A useful summary of current conveyor architectures may be found in A. S. Sedra, G. W. Roberts, F. Gohh, “The current conveyor: history, progress and new results”, IEE Proceedings, Vol. 2, Pt.G., No. 2, April 1990.

The amplifier may further comprise a biasing means arranged to bias the amplifier into class AB. The biasing means may comprise, for each signal path, a Zener diode connected between the common input node and the first amplifier, so as to, in use, provide a sum voltage of the input voltage and the Zener voltage of the Zener diode at an input of the first amplifier. The cathode of the Zener diode used for biasing the signal path that is operative for amplifying the positive voltage excursions of the input signal may be connected to the signal input node and the anode of this Zener diode may be connected to the base or gate of the transistor in this signal path. The signal path that is operative for amplifying the negative voltage excursions of the input signal may comprise transistors having a polarity that is opposite to the polarity of the transistors of the signal path that is operative for amplifying the positive voltage excursions of the input signal. The anode of the Zener diode used for biasing the signal path that is operative for amplifying the negative voltage excursions of the input signal may be connected to the signal input node and the cathode of this Zener diode may be connected to the base or gate of the transistor in this signal path.

Capacitors may individually be provided in parallel to the Zener diodes.

A resistor may also be connected between the emitter of the first amplifier and a voltage supply rail to increase the linearity of the first amplifier. In addition a capacitor, or a series connected RC network, may be provided in parallel to this resistor. A series connected RC network, rather than only a capacitor may be used.

The first amplifier may comprise a bipolar transistor with an emitter and a base or field effect transistor with a source and a gate. The emitter/source may be connected to a voltage supply rail. Each signal path may further comprise a diode connected between the base/gate of the transistor and the voltage supply rail, so that a reverse biasing of the transistor causes the diode to conduct.

The amplifier may form part of an envelope modulator in a radiofrequency transmitter of a telecommunications system or in a cellular base station.

According to another embodiment there is provided an envelope modifying radiofrequency transmitter comprising one of the aforesaid amplifiers.

According to another embodiment there is provided a method of reducing frequency runaway in an amplifier, comprising using, in each of two independent signal paths, respective first amplifiers to convert an input voltage signal into a current signal and driving a second amplifier in each signal path with the respective current signal.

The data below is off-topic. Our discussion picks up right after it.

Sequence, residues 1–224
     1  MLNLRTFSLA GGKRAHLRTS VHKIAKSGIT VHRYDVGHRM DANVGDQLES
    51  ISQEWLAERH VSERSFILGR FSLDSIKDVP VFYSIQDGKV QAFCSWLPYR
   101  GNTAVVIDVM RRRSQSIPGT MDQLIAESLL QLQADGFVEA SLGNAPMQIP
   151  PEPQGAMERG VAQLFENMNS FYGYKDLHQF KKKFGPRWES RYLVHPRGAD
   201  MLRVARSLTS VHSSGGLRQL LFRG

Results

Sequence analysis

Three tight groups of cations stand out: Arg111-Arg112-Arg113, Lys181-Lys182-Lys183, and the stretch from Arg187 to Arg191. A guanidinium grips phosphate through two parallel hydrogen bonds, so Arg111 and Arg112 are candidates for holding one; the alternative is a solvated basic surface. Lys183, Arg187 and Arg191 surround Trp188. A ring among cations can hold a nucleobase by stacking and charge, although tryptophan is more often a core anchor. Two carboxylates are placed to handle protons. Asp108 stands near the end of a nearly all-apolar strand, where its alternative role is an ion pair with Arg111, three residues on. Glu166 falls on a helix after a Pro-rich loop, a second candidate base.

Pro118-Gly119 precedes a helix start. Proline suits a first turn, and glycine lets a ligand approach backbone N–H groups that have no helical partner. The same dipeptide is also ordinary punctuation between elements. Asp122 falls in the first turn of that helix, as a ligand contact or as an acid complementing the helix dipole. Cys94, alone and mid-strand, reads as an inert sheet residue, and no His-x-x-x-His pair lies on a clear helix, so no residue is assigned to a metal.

One of the signal paths is for converting and amplifying positive voltage excursions of the signal and the other signal path is for converting and amplifying negative voltage excursions of the signal.

One embodiment of an output stage of a wideband high power wideband amplifier is shown in FIG. 5. The amplifier according to the FIG. 5 embodiment may comprise a preamplifier 10 that receives an input signal and amplifies it. The preamplifier 10 outputs a preamplified signal to a biasing arrangement 20. The use of a preamplifier is, however, not essential to the practice of the present invention and the input signal may alternatively be directly input to the biasing arrangement 20. Biasing arrangement 20 provides a bias to the signal in the manner described in more detail below, so that the amplifier is operated in AB mode and outputs a biased signal to the first signal path 30 and the second signal path 40. As can be seen from FIG. 5, the first and second signal paths 30 and 40 are only connected to each other at a common input node (at which the biased input signal is received from the biasing arrangement 20) and a common output node 50, at which the signals generated by the first and the second signal path 30 and 40 are added. It will be appreciated that the biasing arrangement 20 may be omitted from the embodiment if the amplifier is to be operated in class B.

The first and second signal paths 30 and 40 form current sources that convert an input voltage signal received from the biasing arrangement 20 into output currents in the manner described in more detail with regard to FIG. 6. Reference numeral 60 in FIG. 5 refers to a load through which the summed output current provided at node 50 is applied. The first and second signal paths 30 and 40 operate in a push-pull arrangement. The first signal path 30 is arranged to be operative if the voltage excursions of the input signal received at the biasing arrangement 20 are positive and the second signal path 40 is arranged to be operative if the voltage excursions of the input signal received at the biasing arrangement 20 are negative. If the amplifier operates as intended, one of the two output currents provided by the signal paths 30 and 40 is thus zero, while the other output current reflects the amplified positive or negative voltage excursion of the input signal. However, push-pull arrangements can suffer from differences in the timing of two parallel signal paths. This may lead, in known push-pull arrangements, to excessive current being drawn. The present embodiment avoids this problem by operating the signal paths 30 and 40 as current sources, thereby preventing the drawing of undefined/excessive currents.